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White Rabbit Red Rabbit review at the Good Chance Dome, London – ‘powerful’

Cush Jumbo in White Rabbit Red Rabbit at the Good Chance Dome, London. Photo: Sarah Hickson Cush Jumbo in White Rabbit Red Rabbit at the Good Chance Dome, London. Photo: Sarah Hickson

Here’s a tantalising theatrical provocation that not only breaks down all walls between stage and audience and directly implicates us in the fate of its completely unprepared narrator, but also intimately reveals the vulnerability and playfulness of that performer.

In the theatre, the actor, at least, typically knows the script and therefore the destination of the story they are there to tell. But in White Rabbit Red Rabbit, the actor surrenders to a different concept: they are in the dark as much as we are, until they are in the very moment of its performance. They open a sealed envelope containing the script they are there to perform when they arrive on stage. It contains all instructions, stage directions and dialogue – some of it for the audience itself, who are pressed into active service at different points.

A lot depends on the surprise to both parties, so – as with Harry Potter and the Cursed Child – its important in talking about it to #KeeptheSecrets and not reveal what actually happens. There’s a meta-theatre sense of adventure here, but it also conceals a narrative about censorship, confinement and freedoms that we take for granted. Written by Nassim Soleimanpour, whose refusal to do compulsory military service means he has been unable to gain a passport and is therefore confined to Iran, it’s a powerful statement about the power of art to travel instead.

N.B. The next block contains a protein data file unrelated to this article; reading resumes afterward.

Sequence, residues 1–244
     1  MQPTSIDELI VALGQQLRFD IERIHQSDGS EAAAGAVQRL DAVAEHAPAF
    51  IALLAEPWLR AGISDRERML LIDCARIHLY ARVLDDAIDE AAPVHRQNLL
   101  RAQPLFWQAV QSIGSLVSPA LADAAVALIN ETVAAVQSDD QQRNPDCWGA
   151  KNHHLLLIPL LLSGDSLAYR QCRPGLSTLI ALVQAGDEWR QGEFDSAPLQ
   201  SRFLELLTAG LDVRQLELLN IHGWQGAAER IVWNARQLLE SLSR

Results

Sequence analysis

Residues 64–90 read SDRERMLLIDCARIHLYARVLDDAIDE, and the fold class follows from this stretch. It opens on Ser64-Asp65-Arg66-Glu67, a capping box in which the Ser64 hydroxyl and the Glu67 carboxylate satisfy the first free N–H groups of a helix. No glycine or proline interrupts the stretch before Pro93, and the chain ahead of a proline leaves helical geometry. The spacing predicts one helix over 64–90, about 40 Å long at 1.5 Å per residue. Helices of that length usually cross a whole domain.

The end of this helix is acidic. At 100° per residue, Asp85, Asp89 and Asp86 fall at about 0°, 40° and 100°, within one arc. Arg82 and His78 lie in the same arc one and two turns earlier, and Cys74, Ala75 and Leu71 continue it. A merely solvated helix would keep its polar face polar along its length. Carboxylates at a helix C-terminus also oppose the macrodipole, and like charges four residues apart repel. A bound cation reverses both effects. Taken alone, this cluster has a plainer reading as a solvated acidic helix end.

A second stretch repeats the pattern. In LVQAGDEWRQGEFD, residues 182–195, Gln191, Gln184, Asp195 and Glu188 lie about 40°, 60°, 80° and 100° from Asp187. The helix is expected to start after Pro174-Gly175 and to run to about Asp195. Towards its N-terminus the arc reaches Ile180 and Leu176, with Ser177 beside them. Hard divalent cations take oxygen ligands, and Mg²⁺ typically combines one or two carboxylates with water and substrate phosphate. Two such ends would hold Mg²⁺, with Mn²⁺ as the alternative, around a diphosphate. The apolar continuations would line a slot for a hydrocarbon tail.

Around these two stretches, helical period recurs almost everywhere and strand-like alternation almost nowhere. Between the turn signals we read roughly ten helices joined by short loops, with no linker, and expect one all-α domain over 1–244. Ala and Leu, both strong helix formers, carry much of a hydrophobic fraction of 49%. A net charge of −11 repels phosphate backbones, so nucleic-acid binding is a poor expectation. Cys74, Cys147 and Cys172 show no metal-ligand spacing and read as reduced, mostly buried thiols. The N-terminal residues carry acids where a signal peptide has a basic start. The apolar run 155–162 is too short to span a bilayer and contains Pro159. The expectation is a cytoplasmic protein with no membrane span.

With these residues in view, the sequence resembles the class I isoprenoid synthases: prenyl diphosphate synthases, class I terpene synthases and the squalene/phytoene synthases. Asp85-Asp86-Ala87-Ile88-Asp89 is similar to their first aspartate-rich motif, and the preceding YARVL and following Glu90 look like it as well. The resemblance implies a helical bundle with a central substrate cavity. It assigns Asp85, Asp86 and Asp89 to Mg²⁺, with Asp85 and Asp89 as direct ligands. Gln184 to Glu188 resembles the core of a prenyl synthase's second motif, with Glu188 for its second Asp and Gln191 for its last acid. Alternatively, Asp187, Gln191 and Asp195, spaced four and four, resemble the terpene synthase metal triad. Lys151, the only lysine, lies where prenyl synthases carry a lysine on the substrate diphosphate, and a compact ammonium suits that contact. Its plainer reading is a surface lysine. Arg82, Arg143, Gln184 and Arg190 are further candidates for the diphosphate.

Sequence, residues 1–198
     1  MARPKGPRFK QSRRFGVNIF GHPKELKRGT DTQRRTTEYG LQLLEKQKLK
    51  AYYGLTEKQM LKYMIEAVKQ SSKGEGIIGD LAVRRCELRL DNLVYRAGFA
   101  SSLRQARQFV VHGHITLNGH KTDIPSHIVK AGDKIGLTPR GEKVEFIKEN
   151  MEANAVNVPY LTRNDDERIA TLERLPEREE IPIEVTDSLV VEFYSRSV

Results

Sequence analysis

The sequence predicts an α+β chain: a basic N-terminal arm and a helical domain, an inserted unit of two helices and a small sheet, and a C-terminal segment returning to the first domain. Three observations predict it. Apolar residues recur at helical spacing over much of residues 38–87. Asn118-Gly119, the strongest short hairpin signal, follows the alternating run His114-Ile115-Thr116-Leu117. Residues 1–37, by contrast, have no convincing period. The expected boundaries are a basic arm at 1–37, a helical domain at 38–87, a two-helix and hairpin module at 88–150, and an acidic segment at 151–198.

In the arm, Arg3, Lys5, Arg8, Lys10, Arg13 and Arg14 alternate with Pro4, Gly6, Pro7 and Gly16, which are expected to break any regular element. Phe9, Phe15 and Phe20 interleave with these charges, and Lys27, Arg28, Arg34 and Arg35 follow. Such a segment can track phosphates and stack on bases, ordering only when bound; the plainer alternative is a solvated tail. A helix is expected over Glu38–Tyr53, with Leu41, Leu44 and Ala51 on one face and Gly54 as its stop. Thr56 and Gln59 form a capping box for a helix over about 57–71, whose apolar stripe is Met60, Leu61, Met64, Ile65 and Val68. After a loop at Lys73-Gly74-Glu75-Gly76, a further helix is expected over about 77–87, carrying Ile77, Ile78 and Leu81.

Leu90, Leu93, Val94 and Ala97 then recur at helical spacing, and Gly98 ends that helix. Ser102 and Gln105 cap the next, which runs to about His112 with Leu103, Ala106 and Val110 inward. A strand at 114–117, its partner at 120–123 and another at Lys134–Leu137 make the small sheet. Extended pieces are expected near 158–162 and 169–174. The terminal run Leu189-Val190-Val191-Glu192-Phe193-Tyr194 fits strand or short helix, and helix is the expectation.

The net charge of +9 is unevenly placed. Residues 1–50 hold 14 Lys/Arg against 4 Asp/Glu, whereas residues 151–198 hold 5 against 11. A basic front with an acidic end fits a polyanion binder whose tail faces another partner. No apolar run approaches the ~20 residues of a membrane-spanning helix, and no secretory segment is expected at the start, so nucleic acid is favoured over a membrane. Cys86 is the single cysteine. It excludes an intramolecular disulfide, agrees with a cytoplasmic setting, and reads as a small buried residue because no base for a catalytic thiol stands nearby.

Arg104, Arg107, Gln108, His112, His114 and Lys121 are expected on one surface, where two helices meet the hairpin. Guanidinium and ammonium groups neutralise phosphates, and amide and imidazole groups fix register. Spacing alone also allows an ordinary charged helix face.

Fittingly presented as part of the Good Chance Dome’s brief residency outside the Royal Festival Hall, which was previously pitched for six months among Calais refugees, this is a resonant piece about what displacement means. And for one night only, London saw the welcome return of Cush Jumbo – previously seen at the National Theatre, Donmar Warehouse and Bush Theatre. She has now voluntarily displaced herself to New York, where she has had a starring role in The Good Wife; and she was bold, brave and utterly brilliant.

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Powerful monologue performed by a deliberately unprepared actor is a risk that pays off massively